A client, Frank, has a difficult relationship with a colleague. They avoid each other and it is becoming an issue for them both. Stuck in a comfort zone, neither is willing to change. Frank tells me that his colleague thinks less of him and that annoys him. I ask him how he knows this. Frank assures me he just knows it from the way this colleague treats him.

Frank could be right and he could be wrong. The important point here is that he is operating in the land of assumptions. This is a dangerous and murky land because these assumptions drive our behaviour and for much of the time we are unaware of this. Assumptions are invisible hand that directs how we interact with the world. We make decisions and take actions based on what we believe to be true.

Peter Senge sums this up in his book The Fifth Discipline:

"We live in a world of self-generating beliefs that remain largely untested. We adopt those beliefs because they are based on conclusions, which are inferred from what we observe, plus our past experience."

We all do this all the time. Our brain dislikes gaps in what we know so we fill in the blanks. It's a powerful way of making sense of the world we live in and it can get in the way our being in relationship with others.

Another example is a client who manages a team of developers. In a recent meeting, he closed down the meeting ahead of schedule and without covering several important topics. He explained that he noticed that the team was bored so it was best to move on. When I asked how he knew it was boredom, and he agreed that he had inferred boredom from what he saw was shifting of papers and eyes cast downwards. He could have been right, and another explanation was that the team was uncomfortable by the nature of the discussion. And there are possibly other explanations like a personal conflict in the team that my client was unaware of.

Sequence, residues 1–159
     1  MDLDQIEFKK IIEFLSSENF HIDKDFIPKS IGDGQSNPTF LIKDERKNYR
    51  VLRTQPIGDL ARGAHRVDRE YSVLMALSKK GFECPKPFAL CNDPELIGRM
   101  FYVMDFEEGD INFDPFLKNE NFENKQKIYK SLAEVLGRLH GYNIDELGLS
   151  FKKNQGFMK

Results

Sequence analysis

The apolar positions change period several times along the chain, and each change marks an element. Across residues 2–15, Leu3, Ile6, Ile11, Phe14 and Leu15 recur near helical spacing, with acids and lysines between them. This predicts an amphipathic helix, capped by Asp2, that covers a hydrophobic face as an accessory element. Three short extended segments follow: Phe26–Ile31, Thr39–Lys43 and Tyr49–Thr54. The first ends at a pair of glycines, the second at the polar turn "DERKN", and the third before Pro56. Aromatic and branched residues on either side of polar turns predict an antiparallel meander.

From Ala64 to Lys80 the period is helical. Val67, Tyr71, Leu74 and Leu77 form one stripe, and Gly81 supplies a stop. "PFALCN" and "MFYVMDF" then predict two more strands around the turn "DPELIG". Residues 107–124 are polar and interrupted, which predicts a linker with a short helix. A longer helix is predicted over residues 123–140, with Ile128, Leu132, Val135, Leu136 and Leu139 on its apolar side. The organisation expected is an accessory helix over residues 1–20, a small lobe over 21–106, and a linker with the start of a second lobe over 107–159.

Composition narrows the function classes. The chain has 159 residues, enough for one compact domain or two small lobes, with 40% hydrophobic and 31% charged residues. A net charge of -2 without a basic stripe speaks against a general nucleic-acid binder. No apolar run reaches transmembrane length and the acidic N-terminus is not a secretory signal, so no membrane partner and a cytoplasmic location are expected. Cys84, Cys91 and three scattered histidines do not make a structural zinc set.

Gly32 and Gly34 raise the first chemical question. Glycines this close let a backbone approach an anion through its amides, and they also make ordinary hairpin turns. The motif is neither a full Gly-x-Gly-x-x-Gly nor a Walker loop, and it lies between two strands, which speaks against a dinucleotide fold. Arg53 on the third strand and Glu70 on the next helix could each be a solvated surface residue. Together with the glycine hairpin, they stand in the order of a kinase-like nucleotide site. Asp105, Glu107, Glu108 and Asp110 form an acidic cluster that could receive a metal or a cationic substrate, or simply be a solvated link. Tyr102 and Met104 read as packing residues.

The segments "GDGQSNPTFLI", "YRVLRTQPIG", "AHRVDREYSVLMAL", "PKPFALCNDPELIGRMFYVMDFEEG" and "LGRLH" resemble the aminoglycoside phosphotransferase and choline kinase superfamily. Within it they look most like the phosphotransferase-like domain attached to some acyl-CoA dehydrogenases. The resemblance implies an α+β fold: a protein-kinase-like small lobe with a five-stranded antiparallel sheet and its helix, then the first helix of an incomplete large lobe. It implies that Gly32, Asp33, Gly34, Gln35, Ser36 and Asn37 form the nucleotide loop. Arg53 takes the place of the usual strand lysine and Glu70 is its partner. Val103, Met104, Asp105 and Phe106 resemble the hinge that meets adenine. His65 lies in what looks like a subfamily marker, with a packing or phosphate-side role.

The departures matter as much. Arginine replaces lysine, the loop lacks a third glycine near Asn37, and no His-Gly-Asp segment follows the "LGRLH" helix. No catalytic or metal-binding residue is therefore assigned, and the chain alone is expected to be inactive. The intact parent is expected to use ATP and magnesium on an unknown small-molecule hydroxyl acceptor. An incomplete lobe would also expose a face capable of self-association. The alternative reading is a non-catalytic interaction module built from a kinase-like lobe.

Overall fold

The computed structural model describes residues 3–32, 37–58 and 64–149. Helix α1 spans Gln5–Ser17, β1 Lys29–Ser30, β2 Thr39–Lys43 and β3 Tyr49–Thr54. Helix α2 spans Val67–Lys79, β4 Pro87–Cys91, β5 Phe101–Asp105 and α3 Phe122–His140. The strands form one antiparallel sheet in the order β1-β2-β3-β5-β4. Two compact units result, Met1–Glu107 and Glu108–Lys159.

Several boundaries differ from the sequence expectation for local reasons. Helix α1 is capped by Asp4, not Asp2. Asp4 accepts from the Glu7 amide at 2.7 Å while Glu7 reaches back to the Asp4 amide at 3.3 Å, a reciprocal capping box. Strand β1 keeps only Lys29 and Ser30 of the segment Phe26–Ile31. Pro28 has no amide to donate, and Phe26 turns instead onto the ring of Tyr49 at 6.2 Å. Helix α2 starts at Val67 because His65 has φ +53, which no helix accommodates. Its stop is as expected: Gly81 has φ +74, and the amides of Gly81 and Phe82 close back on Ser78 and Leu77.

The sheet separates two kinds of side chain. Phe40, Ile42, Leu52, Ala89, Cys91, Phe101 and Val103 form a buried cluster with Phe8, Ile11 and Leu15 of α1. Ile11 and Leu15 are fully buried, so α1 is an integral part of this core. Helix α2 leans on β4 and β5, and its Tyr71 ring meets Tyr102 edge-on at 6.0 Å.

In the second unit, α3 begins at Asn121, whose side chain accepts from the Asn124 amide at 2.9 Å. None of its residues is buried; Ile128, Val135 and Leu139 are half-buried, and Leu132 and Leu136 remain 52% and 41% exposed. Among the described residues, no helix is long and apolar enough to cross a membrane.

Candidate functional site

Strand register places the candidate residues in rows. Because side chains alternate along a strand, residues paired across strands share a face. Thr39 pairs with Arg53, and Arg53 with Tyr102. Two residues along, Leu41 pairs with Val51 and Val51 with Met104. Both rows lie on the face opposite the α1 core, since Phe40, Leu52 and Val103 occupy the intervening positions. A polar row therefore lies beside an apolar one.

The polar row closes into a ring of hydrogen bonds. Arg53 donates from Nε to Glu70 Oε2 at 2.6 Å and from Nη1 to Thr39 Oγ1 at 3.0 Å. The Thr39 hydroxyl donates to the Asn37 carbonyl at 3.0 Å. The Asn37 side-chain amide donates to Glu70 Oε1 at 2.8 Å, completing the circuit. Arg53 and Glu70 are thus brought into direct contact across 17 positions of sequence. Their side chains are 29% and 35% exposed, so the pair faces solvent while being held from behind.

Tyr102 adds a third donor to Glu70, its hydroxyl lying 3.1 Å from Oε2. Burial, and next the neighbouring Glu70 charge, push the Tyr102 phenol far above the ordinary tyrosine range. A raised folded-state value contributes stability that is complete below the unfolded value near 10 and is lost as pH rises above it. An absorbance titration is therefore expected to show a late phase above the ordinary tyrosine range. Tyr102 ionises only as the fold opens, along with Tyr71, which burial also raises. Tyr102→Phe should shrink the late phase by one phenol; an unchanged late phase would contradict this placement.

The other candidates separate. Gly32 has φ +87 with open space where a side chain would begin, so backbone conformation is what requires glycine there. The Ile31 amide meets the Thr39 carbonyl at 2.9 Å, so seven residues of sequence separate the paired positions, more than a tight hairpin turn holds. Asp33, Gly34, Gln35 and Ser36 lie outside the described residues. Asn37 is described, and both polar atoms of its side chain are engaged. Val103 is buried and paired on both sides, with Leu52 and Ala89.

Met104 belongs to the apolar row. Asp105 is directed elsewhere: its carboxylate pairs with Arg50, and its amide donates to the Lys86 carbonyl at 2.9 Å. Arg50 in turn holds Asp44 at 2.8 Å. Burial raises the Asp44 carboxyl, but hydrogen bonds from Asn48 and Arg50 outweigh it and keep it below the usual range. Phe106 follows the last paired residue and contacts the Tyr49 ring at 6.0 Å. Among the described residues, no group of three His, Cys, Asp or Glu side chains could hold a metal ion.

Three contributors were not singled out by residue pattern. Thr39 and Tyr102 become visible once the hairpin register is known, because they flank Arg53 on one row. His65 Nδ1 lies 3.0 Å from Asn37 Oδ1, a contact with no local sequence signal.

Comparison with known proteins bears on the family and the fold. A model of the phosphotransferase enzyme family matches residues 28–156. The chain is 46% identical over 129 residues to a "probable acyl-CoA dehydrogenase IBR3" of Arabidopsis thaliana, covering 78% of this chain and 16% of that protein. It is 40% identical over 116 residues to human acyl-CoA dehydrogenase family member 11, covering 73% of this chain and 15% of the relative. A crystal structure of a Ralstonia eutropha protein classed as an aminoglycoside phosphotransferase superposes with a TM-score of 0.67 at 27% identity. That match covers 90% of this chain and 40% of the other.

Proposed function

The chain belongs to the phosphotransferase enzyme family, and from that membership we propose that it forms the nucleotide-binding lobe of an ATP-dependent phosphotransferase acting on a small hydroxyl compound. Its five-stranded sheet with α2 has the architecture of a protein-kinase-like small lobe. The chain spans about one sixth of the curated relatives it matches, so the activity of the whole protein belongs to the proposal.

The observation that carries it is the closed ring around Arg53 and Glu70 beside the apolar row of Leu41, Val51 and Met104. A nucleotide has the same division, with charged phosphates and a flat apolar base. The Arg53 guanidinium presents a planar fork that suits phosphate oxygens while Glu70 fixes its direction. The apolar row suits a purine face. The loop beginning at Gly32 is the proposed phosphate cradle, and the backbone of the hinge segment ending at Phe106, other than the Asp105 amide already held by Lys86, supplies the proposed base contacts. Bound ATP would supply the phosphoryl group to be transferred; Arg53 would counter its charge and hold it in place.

The challenge for us as human beings – in our personal and professional lives – is to become aware of these underlying assumptions before we take action.

The ladder of inference – developed by Chris Argyris – is an enlightening tool to explore how we make meaning in the world. The ladders shows how we select data from the world of facts and then make assumptions based on the meaning we've added to this selected data. From these assumptions, we generate beliefs about this world, and then take actions based on these beliefs.

We like to think our beliefs are the truth and this is all based on real data. In fact, unless facts are tested with others, they are only a perspective. This is a hard realization for data driven people of the tech sector.

Both the examples I've given illustrate how the clients took a subset of the data available and made assumptions and took action. Their actions could have been what was needed but in their unawareness of the base assumption, they limited their options.

A way forward is increasing our self-awareness of our thinking and how we've arrived at a decision for action. Here are a few steps to follow next time you find yourself in this place:

  • Take a moment and reflect on what is behind your decision. What are you taking as fact, which is really an assumption? What other interpretation of the 'facts' could there be?
  • Test your assumption. Perhaps share what your assumption is with people around you. Sometimes, just naming it to yourself helps you realize that is just an assumption and not fact.
  • Choose your response. With more awareness of what's motivating you in that moment, you are able to choose a response that will better serve you and those around you.